Purpose. It’s a word that gets thrown around a lot these days, like ‘badass’ and ‘tribe’. I judge people when they level up one notch on the organically- crafted-hipster-ladder by using this kind of catch-phrase.
I figured out my purpose a long time ago, but it wasn’t until I thought about purpose that I could put it into a fifteen second elevator speech. But let’s face it, fifteen second elevator speeches are for salespeople, not purpose driven folks. I was just thankful that at over 40 years old, I’d been intentional enough to realize what my purpose was.
Purpose is what sustains us, whether we’re aware of it or not.
So here’s a little story from my day at the local holistic healing fair about purpose;
“You’re completely done.” She looked me dead in the eye when she said it. “Just finished with all of it.”
Three decks of cards later (Faerie, Archangel Michael, Angel) it was confirmed by the powers that be that I was jonesin’ for a complete change of course.
But I already knew those things before I sat down didn’t I? We already know as intuitive beings when what once imbued meaning into our lives has vanished. Validation is nice though, isn’t it?
I wandered down a few more aisles at this holistic healing show, and bumped into a soap maker. Not just any soapmaker, but Momtaz, a third-generation soap maker.
Third-effing-generation…let that sink in.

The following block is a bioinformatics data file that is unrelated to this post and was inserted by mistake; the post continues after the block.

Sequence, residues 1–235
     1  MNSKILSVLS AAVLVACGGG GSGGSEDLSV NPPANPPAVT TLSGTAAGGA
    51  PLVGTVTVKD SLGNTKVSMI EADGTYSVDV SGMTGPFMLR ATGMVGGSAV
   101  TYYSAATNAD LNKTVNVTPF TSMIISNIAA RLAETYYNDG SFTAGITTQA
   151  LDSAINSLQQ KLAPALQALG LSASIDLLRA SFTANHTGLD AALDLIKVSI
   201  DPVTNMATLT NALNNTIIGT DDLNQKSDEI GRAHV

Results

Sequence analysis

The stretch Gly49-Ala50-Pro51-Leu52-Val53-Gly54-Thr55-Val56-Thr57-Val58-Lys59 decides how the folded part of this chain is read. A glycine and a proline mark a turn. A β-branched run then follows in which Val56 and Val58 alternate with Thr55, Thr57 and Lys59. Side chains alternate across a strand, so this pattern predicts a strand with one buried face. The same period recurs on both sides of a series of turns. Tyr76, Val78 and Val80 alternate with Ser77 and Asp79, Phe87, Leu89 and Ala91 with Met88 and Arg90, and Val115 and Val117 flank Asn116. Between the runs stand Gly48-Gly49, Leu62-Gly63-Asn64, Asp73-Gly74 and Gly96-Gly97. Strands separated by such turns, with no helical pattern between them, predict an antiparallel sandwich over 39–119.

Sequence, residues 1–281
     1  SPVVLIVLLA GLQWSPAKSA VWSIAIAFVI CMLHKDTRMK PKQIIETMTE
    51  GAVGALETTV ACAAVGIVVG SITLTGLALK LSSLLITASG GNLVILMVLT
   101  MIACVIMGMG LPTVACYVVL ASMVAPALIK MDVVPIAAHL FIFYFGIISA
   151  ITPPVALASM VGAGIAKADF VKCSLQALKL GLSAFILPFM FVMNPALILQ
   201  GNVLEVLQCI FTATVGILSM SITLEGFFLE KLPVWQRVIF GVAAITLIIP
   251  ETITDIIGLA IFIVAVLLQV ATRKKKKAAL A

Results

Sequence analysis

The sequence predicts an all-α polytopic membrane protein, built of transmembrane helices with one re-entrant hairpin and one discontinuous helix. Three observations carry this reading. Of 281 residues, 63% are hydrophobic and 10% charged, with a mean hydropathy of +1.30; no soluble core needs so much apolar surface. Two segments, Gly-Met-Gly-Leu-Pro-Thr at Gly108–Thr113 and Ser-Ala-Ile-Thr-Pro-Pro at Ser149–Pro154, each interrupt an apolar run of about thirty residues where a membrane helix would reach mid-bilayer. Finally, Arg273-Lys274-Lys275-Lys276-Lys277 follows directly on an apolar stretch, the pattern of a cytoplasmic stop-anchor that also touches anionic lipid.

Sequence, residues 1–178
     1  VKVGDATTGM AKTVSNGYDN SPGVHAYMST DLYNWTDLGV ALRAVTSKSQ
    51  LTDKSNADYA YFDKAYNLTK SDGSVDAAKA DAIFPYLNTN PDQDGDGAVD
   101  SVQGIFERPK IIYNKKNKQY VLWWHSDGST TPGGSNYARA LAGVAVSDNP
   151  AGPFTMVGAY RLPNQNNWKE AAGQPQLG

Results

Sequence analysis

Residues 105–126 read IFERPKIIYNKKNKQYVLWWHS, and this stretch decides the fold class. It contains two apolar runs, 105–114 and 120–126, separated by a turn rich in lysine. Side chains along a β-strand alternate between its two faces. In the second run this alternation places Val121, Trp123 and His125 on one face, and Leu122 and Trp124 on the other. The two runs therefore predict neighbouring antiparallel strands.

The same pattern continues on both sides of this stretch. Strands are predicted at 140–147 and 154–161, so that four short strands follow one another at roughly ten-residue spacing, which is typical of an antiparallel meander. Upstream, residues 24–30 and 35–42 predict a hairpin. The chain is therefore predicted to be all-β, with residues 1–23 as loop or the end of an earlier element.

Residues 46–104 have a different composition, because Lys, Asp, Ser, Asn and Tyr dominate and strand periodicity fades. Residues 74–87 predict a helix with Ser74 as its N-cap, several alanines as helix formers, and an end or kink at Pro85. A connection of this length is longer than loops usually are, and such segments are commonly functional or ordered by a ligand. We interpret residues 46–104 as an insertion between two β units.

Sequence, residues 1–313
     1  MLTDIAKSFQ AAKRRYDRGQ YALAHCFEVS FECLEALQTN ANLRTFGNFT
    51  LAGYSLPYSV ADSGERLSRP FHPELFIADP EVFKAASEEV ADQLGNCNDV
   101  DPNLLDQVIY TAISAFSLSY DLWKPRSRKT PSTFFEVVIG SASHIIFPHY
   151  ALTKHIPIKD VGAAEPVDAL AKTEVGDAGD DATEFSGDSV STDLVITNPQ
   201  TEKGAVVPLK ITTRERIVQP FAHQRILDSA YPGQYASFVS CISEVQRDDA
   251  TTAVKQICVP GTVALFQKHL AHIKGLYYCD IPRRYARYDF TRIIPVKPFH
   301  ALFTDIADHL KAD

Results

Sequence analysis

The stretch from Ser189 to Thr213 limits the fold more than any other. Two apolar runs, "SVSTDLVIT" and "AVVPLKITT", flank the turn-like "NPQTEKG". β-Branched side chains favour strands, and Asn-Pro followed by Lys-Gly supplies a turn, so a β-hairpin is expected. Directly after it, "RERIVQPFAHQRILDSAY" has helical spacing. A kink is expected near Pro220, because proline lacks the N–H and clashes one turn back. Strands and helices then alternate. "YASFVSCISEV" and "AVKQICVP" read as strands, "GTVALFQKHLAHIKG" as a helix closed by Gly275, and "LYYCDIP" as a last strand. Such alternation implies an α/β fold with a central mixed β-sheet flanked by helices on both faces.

I spent some time (and money) at her booth, and casually asked about her Aleppo soap. She informed me that it is the oldest soap recipe in the world. She was passionate about her work, she told me all about the properties of the soap, how you could use it on babies with extreme eczema and fragile skin. She was so happy that I was interested in what she was doing that she gifted me a bar, and in turn, I promised her that I would share it with someone who might need it. That’s purpose.
I made my way methodically through the rows of booths. I admired how these (mostly) women were making their purpose pay.
Until now, I’ve been injecting my purpose into every day life. I thought that was satisfying enough, but more and more I’m feeling like it’s not. My job pays, but my purpose only gets to sneak a peak once in a while in the shadow of my career.
Back to the lady who made twenty bucks reading my cards. She was retired from a job similar in nature to my own. She could relate to how bone-tired I am from caring for other people. The twenty dollars she charged was a small price to pay to be reminded of what I already know I’m meant to be doing.
Whether it ‘s the holistic approach like I tend to take, or the professional approach a la Mike Drak, investing in what we love to do can reap financial rewards later in life.
For many of us, our purpose will have to be injected into our daily grind. And our daily grind will have to include significant time to work on projects that develop our purpose. And this is what will sustain us now, and in the future.